Baltimore City Paper

The Sidebar Gets a Little Appalachian

Baltimore String Felons | Image by City Paper Digi-Cam

Wednesday was the kind of frigid January night that makes it hard to picture anybody voluntarily going out. So it was a little surprising to walk into the Sidebar and find a decent sized audience whooping appreciatively for local band

's eccentric folk music. The quartet featured a male and female vocalist harmonizing and a spare music backdrop of drums and acoustic guitar, along with, depending on the song, either accordion or fiddle. Perhaps it was just that the sound man had the guitar and vocals mixed way high, but there was something just a little off, a little odd, about Spoke Ensemble's threadbare sound. It worked for them, though, particularly when combined with the male singer/guitarist's jumpy sense of rhythm and droll stage banter.


When local singer-songwriter

appeared onstage with a harmonica, acoustic guitar, and mess of brown curls on his head, it was hard not to notice that he cut a profile reminiscent of a young Bob Dylan. So it was a little disappointing when Pless opened his mouth and out came a voice that sounded a bit like it belonged to a whiny emo frontman. But over the course of his set, Pless' songs revealed an impressive lyrical depth, and it became easier and easier to settle in and enjoy his vocal delivery. His brother, Zac Pless, accompanied him on drums for most songs, and the light touch of percussion was a welcome change of pace from the less propulsive solo performances.



(also known as the Felon Family) were very much in keeping with the weirdo folk music theme of the rest of the bill, and were perhaps the best band of the bunch. The acoustic quintet's three string players switched between different combinations of guitar, banjo, mandolin, bass guitar, and violin--excuse me, fiddle. Meanwhile, one percussionist shook a tambourine and occasionally banged on a bass drum, and another played the spoons. As audience members stomped and danced, the String Felons alternated traditional songs with originals such as the rousing "Mighty Metal Mare."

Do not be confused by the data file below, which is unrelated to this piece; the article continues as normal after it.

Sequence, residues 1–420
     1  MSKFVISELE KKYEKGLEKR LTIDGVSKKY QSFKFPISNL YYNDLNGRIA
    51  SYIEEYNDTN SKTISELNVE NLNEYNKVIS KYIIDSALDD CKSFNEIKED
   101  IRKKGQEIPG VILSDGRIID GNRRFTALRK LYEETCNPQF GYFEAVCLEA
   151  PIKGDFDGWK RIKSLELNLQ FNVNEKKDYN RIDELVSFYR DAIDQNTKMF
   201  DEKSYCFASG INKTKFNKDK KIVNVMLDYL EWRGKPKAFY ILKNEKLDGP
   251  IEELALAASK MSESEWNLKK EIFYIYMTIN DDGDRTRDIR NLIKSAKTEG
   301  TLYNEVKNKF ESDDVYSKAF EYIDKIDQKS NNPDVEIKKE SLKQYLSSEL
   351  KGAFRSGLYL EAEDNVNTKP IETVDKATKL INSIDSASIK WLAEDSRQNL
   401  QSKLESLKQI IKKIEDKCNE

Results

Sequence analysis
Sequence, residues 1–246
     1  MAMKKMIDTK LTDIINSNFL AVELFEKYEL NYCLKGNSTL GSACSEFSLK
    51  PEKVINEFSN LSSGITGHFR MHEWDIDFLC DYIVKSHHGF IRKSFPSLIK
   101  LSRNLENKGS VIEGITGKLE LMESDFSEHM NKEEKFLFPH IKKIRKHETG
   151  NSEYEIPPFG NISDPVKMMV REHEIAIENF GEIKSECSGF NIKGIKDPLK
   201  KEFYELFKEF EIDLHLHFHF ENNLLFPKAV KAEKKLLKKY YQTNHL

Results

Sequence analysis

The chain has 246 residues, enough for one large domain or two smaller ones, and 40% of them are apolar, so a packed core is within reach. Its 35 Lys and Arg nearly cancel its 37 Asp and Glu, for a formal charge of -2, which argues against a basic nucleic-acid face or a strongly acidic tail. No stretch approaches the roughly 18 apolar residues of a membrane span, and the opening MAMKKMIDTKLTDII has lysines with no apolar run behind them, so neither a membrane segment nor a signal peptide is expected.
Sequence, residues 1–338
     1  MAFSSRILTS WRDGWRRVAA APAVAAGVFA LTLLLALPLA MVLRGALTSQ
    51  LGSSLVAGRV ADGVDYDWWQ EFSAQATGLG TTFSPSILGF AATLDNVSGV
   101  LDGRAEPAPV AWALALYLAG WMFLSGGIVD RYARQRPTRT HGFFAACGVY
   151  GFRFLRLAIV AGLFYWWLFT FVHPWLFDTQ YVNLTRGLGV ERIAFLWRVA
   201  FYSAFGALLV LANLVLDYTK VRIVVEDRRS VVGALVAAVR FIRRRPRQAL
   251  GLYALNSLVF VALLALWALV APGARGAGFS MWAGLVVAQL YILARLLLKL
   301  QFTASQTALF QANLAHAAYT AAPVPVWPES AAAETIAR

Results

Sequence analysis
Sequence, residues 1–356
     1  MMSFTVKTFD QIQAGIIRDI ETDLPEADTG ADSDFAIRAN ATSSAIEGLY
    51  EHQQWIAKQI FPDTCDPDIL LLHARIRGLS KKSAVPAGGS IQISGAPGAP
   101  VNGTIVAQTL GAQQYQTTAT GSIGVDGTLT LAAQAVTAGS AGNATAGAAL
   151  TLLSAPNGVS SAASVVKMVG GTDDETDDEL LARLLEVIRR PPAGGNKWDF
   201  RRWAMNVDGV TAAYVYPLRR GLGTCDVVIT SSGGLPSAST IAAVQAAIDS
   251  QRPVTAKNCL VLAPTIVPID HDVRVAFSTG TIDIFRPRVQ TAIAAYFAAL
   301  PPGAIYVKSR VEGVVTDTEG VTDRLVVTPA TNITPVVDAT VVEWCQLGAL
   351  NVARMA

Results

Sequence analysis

When seeing young folk musicians these days--particularly ones playing in a punk club like the Sidebar--it can be hard to pin down how much they're part of the oral tradition of folk music and how much they're merely play acting at being part of another culture, another era. But folk has been through so many trends, so many identity crises, that it's possible that questions of authenticity simply no longer apply anymore. Just the fact that bands such as the Baltimore String Felons and Spoke Ensemble are willing to play this music in 2009 and put their own twist on it, and fans are willing to come see them, is enough to make them worthy carriers of the torch.